(In paragraph 16, corrects spelling of last name of Ben Luckock)
NEW YORK/HOUSTON, Sept 23 (Reuters) - Decades ago, a distiller in Scotland discovered the marketing power of “single malt” whisky, untouched by blending - a technique now being embraced by sellers of Texas crude oil.
The United States is selling more oil overseas than ever, and refiners in Europe and Asia are scrutinizing the quality of that oil after some shipments of U.S. crude contained impurities or contaminants that made it difficult for overseas refiners to process. Two U.S. shipments were even refused by South Korea last year.
Overseas buyers are demanding barrels that travel directly from wells to export terminals with little blending, to minimize problems introduced when crude passes multiple transport systems.
Like that single malt Scotch, the biggest sellers of U.S. crude are touting so-called “neat” barrels, delivered direct from the shale patch to the Gulf, as a way of boosting the allure of the country’s flagship Midland, Texas crude.
“What we’re hearing from our customers around the world is they want pure Midland WTI blend,” said Ben Luckock, co-head of oil trading at Trafigura.
The United States has become a top exporter of crude after ending a 40-year ban on exports in 2015, shipping more than 3 million barrels per day to buyers in China, South Korea, and across Europe.
To combat concerns about quality, producers and merchants are marketing barrels that come direct from the Permian Basin in West Texas and New Mexico, and pass from the wellhead through a pipeline straight to export facilities, as a way of distinguishing from barrels that first go north to the U.S. primary storage outpost in Cushing, Oklahoma.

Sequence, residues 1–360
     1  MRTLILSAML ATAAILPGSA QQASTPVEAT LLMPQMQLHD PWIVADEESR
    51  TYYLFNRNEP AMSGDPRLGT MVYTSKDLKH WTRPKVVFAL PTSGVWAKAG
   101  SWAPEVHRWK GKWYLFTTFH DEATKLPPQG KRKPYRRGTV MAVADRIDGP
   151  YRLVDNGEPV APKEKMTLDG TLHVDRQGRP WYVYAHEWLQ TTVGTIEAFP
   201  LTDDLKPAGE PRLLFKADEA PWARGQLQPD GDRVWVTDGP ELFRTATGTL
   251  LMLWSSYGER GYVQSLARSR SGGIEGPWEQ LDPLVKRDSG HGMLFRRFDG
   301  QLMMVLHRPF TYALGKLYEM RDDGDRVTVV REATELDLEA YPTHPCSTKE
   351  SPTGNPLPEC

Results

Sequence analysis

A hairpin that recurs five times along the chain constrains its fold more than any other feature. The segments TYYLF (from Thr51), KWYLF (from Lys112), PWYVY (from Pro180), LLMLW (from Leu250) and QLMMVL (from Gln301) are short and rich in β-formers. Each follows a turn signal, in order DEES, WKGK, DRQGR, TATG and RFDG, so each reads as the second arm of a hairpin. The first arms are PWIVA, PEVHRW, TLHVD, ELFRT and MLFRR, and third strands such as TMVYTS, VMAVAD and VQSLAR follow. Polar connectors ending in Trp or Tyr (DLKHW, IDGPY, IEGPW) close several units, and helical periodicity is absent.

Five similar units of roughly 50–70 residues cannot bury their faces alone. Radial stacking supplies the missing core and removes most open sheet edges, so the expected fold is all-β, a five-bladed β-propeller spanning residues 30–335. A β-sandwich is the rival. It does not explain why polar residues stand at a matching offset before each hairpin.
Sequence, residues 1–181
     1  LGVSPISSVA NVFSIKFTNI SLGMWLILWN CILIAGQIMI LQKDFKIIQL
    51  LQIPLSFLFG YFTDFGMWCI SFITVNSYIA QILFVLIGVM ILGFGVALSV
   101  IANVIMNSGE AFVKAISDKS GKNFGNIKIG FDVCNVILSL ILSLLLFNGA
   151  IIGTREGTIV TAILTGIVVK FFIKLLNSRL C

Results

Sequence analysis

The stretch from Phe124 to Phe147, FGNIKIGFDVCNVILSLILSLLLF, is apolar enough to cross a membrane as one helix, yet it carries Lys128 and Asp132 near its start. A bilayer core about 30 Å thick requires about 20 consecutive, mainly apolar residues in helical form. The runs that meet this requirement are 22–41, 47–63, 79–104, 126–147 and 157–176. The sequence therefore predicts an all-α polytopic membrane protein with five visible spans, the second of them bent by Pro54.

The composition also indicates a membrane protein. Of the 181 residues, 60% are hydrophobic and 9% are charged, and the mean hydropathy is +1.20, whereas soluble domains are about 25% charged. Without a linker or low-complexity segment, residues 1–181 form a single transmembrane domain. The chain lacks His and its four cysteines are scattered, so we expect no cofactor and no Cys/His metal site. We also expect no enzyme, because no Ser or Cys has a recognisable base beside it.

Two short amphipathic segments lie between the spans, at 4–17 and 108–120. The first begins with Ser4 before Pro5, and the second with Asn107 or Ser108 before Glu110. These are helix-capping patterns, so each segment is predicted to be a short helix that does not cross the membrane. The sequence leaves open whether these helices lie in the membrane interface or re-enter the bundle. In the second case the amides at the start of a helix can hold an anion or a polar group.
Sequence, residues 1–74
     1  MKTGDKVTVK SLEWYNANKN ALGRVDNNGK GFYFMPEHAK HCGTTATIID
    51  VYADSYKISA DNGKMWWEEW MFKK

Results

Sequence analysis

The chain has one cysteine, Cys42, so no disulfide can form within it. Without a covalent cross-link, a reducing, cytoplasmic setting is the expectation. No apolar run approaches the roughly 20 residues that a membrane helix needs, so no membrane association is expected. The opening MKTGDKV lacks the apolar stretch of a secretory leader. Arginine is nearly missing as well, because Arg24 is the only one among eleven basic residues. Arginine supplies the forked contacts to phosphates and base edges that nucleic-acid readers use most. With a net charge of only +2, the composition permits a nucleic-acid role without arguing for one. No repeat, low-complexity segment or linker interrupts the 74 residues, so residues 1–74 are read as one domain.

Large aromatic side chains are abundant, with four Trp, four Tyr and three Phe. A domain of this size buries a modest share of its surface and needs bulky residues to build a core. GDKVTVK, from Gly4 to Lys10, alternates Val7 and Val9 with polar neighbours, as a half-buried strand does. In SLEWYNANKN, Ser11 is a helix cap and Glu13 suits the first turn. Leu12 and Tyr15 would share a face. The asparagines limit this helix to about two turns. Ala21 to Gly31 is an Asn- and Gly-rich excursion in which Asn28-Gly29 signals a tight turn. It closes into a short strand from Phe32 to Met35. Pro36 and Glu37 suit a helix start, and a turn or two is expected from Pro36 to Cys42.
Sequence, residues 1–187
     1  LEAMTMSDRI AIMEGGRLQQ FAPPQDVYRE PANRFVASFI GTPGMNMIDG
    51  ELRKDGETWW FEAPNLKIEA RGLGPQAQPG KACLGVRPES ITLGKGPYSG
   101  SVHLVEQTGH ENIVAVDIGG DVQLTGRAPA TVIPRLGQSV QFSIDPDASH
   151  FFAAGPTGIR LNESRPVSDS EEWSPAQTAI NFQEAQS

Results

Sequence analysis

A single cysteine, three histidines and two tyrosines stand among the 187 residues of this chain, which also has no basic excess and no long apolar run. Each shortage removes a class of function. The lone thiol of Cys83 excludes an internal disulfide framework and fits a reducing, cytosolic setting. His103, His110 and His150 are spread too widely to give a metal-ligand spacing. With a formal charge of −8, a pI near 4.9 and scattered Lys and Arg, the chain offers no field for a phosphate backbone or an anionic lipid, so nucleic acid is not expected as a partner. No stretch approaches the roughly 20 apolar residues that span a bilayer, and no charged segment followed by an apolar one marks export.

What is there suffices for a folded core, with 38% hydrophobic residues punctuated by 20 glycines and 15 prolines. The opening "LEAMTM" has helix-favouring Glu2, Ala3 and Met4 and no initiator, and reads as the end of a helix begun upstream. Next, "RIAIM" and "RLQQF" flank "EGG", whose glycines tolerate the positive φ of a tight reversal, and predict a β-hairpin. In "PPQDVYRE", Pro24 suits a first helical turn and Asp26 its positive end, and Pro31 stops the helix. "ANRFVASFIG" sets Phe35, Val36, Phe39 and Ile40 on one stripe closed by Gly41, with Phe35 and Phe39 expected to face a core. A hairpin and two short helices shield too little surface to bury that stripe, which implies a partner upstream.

“Quality reputation is crucial. Buyers ask about how well quality has been managed,” Suh Sok-won, president of South Korea’s SK Trading International, said earlier this year. “(U.S.) sellers are on alert and quality stability has improved. Otherwise we’re not buying oil from them.”
With new pipelines recently opening that connect the Permian to the growing terminal in Corpus Christi, shippers say they can promote the idea of pure Permian barrels.
“The consistent message that I continued to hear was: We want a clean barrel, we want a consistent barrel, and if at all possible, we want a neat barrel,” said Josh Baskett, vice president of oil and gas marketing for Continental Resources , referring to conversations with refiners from Europe and Asia.
Two new pipelines with 1 million bpd of combined capacity came online last month that flow to Corpus, where crude loadings have doubled to about 1.1 million bpd this month from 577,000 bpd, according to market intelligence firm ClipperData.
Trafigura is the biggest shipper on Plains All American Pipeline LP’s new 670,000 bpd Cactus II pipeline and its shipments now account for more than a quarter of the country’s total exports.
“The ability to control quality in Corpus will be dramatically better than the ability to control quality in Houston,” said Brian Freed, president of EPIC Midstream Holdings LP, in July, just before commercial deliveries on a new pipeline from the Permian to Corpus Christi started last month.
The Houston Ship Channel is still the most active Gulf port for loading crude barrels, according to Sandy Fielden, analyst at Morningstar, accounting for about 42% of barrels exported through August of this year, he said, citing RBN Energy Crude Voyager Data.
However, those barrels are often blended, as many of the pipelines to Houston first hit Cushing, the way station for numerous grades sourced from further north as well. Cushing is the delivery point for benchmark U.S. crude futures, where there is currently nearly 39 million barrels in storage.
“You have reputational issues for oil coming out of Houston because that’s heavily blended,” said Luckock.
Pipeline and terminal operators in Houston counter that Houston’s vast access to storage and access to Cushing gives shippers more options for marketing barrels.
In 2019, Corpus accounted for about 21% of exported barrels. Fielden said the EPIC and Cactus lines will boost share out of Corpus, benefiting U.S. sellers.
“We have to make sure that our barrel is segregated, it’s clean because otherwise we’re going to lose credibility in the international market,” said Continental’s Baskett. “Once you lose credibility with these Asian refiners, they’re done with you.”
Reporting by Devika Krishna Kumar in New York and Collin Eaton in Houston; Additional reporting by Laila Kearney in New York, Florence Tan in Singapore and Jane Chung in Seoul Editing by Alistair Bell
Our Standards: The Thomson Reuters Trust Principles.